Tell it to SunStar: Red-tagging is violence

The Justice secretary must have meant well beyond wanting to improve the country’s forensic pathology when he invited the United Nations special rapporteurs to our country during the recent UN Human Rights Council meeting in Geneva, Switzerland.

That, for me, made his attendance in the said meeting fruitful. And it’s a welcome development.

My disbelief, however, is on his claim of red-tagging to be “a mere invention of the left.”

I found the statement to be skewed and fallacious. Will the word crook ever come from the corrupt to describe the corrupt? And will the word scoundrel emanate from plunderers and robbers to describe themselves?

“There is no such national policy of red-tagging” in the Philippines, Secretary Boying Remulla assured the officials of UNHRC. But may I ask: Is there a need for such a policy when authorities have been freely doing it, unchecked and uncensored?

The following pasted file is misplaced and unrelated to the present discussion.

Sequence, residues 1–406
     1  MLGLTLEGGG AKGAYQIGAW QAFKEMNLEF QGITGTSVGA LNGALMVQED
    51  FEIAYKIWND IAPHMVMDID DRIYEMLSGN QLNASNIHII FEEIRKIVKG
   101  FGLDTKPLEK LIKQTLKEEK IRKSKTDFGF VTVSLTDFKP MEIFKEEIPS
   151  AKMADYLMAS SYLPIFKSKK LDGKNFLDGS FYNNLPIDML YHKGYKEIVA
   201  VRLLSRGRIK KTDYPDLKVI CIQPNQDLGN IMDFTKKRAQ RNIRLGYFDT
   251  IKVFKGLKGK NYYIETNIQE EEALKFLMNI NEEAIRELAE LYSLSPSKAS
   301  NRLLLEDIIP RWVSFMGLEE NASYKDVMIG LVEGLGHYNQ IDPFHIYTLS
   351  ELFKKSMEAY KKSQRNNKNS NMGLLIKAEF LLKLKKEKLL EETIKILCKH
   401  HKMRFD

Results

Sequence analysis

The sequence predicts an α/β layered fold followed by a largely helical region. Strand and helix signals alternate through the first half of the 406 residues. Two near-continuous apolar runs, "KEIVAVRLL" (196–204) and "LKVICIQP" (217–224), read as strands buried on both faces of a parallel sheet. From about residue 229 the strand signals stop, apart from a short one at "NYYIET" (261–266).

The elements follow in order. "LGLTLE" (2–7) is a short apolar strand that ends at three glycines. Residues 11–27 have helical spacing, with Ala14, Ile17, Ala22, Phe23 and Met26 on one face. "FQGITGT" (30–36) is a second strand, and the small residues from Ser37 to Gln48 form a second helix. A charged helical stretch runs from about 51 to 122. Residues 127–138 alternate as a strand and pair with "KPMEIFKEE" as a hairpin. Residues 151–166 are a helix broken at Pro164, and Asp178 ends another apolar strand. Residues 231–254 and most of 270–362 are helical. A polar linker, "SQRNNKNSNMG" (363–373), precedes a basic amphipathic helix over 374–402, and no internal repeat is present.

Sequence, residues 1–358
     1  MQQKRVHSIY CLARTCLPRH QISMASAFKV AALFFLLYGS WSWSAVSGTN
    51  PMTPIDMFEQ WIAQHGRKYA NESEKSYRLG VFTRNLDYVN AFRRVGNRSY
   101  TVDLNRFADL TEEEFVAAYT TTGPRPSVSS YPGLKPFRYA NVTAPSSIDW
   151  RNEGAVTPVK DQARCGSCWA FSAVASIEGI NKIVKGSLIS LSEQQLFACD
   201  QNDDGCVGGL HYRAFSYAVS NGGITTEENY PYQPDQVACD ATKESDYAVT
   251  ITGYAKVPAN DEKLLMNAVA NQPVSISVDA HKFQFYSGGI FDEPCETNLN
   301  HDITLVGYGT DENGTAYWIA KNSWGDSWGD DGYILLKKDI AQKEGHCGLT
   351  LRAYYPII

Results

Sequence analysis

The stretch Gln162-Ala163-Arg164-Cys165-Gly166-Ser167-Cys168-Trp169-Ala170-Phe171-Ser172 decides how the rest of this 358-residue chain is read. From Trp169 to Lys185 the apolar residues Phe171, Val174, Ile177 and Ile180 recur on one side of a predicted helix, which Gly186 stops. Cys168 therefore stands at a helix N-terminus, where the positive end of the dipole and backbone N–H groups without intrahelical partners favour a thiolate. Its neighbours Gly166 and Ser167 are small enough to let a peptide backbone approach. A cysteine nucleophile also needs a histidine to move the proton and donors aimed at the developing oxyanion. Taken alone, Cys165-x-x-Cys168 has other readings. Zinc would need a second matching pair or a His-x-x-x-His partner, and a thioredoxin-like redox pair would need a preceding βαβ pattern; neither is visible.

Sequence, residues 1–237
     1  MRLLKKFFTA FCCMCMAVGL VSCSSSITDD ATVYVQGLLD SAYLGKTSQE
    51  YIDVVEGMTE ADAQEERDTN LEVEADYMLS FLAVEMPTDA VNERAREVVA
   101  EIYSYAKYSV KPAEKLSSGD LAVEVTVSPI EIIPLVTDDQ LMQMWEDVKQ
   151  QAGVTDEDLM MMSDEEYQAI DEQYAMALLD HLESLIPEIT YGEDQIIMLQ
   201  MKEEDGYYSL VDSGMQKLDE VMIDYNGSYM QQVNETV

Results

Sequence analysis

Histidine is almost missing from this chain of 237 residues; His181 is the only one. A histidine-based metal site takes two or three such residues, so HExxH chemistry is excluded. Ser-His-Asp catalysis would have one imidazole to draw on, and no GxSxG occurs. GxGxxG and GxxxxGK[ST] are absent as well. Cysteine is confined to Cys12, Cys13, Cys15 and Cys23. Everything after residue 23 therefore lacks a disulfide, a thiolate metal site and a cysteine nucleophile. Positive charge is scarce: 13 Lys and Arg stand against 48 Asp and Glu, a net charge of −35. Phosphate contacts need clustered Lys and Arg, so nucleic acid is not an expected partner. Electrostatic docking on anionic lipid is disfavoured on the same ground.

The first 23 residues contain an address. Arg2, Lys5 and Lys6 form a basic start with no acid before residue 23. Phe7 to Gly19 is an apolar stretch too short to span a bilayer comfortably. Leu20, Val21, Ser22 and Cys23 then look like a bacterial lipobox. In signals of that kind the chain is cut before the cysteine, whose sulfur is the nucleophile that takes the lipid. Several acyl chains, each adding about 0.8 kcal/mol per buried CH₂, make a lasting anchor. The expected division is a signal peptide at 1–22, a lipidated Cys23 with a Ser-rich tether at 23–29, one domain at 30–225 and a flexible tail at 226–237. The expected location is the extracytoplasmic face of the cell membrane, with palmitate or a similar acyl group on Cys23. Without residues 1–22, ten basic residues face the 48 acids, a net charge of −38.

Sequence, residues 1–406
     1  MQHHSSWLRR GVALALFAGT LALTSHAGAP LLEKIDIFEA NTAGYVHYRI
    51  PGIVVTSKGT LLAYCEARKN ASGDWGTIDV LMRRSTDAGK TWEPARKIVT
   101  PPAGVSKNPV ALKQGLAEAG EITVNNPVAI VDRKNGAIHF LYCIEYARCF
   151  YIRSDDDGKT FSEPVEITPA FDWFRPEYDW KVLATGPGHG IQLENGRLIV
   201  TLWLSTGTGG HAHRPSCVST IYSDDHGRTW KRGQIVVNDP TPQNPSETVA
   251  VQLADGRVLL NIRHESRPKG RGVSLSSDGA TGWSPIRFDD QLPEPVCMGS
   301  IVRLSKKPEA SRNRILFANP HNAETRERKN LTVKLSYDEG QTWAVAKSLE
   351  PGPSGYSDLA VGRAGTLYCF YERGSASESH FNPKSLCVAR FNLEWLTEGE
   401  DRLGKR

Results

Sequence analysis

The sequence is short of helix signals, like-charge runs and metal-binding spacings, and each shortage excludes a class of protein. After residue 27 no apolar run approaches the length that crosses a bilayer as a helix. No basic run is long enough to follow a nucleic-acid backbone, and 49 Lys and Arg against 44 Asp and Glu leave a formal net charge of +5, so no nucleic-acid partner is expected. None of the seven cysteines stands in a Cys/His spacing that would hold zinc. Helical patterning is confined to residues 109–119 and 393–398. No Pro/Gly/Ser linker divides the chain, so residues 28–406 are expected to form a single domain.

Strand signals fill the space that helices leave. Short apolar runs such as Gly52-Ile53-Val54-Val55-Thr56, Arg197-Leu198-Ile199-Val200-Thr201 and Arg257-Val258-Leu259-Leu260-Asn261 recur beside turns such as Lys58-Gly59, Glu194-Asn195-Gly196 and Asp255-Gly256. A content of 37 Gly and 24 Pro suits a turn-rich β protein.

I am out-and-out in support of the fight against insurrection of every kind because rebellion in any form is bad and evil.

I have no qualms about beating and ending the local communist insurgency.

But I have the strong compulsion and reasons to oppose red-tagging.

Looking at how authorities have been “pursuing” the local communists or so-called terrorists, red-tagging appears to be the way they unfairly and recklessly accuse just about everyone who thinks differently from the way they think.

Several red-tagged individuals have suffered violence, some even died.

For the country to go forward, the government must listen to dissenters who are not necessarily espousing the communist ideology.